Sunday, August 10, 2014

The Truth Behind The Pan Am Flight 103 Air Crash Investigation

By Tanisha Berg

In the same way people from the Baby Boomer generation all remember where they were the day John F. Kennedy was killed, later generations know exactly what they were doing when it was announced that a passenger airliner had crashed into the small Scottish town of Lockerbie, killing 259 passengers and crew along with 11 people on the ground. Years later, the Libyan government acknowledged its responsibility for the tragedy. What a lot of people do not know, the Pan Am Flight 103 air crash investigation revealed that the airline was guilty of wilful misconduct for not matching up each piece of luggage with the correct passenger.

There had been no prior indication of trouble with the aircraft before it left Frankfurt. Bombs are a recurring nightmare for everyone in the commercial aviation industry. Most bombs tend to be hidden inside luggage in the hold.

Bombs are not the only lethal menace with which the industry has to deal. There is a far more deadly enemy that cannot be risk-managed out of the picture. Since 1940, there has not been a decade gone by when at least one passenger craft has not been shot down by heavy artillery.

The cause of a 2007 Balad crash which involved an Antonov An-26 airliner, leaving 34 people dead and one seriously injured, remains in dispute. The incident occurred when the plane was attempting to land at an American military base in Balad, Iraq. While the official explanation is that the plane went down in bad weather, there are those who claim it was shot down by a missile.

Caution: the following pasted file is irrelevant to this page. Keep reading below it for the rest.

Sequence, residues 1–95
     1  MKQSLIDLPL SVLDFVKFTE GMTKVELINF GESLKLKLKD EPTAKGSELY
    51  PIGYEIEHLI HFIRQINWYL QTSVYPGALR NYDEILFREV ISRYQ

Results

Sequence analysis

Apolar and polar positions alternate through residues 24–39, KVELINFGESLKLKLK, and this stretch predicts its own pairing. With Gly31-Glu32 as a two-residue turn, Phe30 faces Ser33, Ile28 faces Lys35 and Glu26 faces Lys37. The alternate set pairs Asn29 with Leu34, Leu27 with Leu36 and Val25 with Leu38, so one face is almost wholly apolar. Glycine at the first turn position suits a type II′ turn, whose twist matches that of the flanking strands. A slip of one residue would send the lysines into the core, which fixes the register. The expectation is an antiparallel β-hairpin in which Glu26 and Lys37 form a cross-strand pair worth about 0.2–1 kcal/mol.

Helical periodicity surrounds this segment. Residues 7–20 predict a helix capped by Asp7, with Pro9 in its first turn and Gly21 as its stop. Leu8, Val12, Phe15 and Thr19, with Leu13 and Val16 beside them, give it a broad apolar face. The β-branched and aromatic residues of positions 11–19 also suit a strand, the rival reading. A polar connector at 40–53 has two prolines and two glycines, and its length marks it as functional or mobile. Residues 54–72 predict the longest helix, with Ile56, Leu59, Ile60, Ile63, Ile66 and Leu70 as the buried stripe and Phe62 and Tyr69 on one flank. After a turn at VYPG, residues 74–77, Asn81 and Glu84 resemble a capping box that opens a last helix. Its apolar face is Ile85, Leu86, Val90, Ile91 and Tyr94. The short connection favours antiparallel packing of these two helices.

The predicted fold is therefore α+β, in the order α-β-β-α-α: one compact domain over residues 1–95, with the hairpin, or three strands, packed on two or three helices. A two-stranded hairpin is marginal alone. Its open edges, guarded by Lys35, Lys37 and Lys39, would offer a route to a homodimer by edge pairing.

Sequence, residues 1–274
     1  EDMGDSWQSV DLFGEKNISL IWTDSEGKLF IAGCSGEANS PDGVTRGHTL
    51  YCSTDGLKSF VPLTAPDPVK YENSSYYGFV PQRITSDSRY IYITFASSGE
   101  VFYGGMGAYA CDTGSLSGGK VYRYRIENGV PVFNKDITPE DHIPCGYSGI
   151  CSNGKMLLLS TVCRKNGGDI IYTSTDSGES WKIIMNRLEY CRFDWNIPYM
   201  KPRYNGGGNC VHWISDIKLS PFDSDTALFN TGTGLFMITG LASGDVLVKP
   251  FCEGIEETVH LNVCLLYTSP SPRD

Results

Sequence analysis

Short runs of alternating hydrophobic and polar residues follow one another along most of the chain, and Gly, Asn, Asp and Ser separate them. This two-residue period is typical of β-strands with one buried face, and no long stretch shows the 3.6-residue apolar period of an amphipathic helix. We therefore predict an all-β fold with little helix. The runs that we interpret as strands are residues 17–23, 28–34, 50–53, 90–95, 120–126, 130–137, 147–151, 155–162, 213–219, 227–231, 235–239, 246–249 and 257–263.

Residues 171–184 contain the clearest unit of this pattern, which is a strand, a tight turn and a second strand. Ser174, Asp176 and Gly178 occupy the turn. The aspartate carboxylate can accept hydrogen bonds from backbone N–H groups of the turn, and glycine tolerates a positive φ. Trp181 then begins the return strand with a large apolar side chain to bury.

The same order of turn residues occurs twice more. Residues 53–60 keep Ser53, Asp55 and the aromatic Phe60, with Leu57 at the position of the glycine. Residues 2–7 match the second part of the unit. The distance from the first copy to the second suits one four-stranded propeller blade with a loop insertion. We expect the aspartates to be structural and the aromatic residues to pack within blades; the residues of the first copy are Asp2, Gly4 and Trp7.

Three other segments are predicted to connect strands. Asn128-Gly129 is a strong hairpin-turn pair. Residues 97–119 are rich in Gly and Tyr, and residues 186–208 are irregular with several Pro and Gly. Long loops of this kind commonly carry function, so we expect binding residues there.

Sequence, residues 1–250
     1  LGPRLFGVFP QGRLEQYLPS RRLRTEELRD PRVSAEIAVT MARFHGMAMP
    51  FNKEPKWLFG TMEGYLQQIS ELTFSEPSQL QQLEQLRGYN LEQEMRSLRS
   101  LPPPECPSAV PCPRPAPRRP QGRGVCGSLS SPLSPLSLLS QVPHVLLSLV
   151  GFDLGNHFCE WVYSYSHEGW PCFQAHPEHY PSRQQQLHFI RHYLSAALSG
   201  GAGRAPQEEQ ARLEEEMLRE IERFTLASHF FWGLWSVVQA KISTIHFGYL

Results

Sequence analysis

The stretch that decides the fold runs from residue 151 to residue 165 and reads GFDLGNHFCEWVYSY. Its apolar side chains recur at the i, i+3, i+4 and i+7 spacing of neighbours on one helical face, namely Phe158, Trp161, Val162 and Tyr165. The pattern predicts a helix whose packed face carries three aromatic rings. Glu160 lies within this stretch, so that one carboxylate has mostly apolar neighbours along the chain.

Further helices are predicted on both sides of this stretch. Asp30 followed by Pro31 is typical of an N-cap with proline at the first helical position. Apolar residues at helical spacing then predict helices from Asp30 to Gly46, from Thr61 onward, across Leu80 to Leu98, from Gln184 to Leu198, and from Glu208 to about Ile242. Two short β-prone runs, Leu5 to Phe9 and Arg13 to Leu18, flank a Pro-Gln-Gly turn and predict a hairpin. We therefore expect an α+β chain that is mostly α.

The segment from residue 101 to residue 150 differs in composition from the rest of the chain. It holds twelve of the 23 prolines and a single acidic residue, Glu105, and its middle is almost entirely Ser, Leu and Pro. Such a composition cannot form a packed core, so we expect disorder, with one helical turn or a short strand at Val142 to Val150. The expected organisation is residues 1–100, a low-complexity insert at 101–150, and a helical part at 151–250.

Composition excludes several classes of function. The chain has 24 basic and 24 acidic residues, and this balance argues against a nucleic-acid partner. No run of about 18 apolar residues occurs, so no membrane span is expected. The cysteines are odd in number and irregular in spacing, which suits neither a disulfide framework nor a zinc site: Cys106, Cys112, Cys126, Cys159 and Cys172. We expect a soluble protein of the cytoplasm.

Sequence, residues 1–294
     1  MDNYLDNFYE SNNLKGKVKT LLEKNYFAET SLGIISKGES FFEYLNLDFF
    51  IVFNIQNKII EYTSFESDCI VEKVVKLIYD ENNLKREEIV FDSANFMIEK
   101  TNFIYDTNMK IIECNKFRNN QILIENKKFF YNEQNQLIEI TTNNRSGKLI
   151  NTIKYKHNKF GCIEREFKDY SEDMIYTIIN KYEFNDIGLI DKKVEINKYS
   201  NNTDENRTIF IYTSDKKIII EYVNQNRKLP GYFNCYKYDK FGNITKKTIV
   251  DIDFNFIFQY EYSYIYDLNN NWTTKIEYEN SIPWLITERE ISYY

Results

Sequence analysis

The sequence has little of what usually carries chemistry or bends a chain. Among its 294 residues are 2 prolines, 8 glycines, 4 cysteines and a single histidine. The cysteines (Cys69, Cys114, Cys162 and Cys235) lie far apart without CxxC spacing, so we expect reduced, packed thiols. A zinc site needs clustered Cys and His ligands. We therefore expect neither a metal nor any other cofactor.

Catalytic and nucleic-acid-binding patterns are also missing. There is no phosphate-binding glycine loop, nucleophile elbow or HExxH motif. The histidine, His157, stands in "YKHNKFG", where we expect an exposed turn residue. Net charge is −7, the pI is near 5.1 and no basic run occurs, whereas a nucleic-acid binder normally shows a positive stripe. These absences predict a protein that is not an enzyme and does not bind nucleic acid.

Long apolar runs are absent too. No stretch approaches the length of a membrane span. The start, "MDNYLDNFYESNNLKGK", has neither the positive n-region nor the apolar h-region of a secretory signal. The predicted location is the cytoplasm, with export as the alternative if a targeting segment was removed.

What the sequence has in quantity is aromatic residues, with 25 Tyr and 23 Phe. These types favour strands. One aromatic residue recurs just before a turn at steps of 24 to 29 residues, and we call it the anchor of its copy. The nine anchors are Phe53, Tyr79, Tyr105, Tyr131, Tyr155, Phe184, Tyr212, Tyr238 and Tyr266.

In September 1993, there were three separate incidents on consecutive days. The first was on September 21, when a flight from Sochi, Russia, was shot down by an SAM, crashing into the Black Sea. All 22 passengers and five crew perished. The next day, a plane carrying soldiers from Georgia crashed onto the runway after being shot down. Here, 108 out of 132 souls on board died. The final crash took place on September 23, 1993. A mortar struck the plane while passengers were boarding. One crew member was killed.

Also in 1994, American military forces shot down an Iranian Air Force C-130 as it was transporting diplomatic staff. All 13 crew and 19 passengers were killed. In a separate incident that same year, the presidents of two African states, Rwanda and Burundi, were sharing an aircraft when they were shot down by rocket fire close to the capital of Rwanda.

The deadliest crash involving a DC-9-10/15 series aircraft occurred in 1980, when a plane carrying 81 people crashed into the Tyrrhenian Sea near the Italian island of Ustica off the coast of Naples. The President of Italy at the time blamed the French. In 2013, an Italian criminal court ruled that it was abundantly clear the flight had been terminated by a missile.

The earliest recorded incident of a civilian passenger airliner being shot down was Finnish civilian transport and passenger plane on its way from Tallinn, Estonia, to Helsinki in Finland, on June 14, 1940. This was three months after the Winter War. The aircraft was intercepted and shot down by two Soviet torpedo bombers.

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